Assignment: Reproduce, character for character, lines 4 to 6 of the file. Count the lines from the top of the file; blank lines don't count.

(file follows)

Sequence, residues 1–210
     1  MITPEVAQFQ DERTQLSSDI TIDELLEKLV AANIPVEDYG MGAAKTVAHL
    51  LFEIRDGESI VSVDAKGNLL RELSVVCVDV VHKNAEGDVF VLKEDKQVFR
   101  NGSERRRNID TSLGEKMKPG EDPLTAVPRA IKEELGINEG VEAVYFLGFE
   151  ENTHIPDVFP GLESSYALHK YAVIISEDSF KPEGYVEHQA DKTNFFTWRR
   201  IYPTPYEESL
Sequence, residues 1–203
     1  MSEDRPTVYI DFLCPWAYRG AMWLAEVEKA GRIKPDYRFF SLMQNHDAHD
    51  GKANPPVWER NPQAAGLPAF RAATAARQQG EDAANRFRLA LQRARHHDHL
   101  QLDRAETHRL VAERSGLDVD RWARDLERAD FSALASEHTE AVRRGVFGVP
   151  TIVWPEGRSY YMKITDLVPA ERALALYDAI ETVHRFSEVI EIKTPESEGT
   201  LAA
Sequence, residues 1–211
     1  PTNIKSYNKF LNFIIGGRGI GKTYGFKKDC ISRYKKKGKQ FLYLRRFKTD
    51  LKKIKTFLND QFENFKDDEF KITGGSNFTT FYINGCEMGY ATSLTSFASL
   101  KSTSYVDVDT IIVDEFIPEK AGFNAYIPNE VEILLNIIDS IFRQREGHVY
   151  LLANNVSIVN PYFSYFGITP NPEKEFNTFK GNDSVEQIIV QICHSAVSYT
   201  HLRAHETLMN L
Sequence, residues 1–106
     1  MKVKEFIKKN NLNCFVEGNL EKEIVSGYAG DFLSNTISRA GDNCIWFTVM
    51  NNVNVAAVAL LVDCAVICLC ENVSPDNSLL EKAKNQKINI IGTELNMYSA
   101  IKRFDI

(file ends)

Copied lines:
   101  NGSERRRNID TSLGEKMKPG EDPLTAVPRA IKEELGINEG VEAVYFLGFE
   151  ENTHIPDVFP GLESSYALHK YAVIISEDSF KPEGYVEHQA DKTNFFTWRR
   201  IYPTPYEESL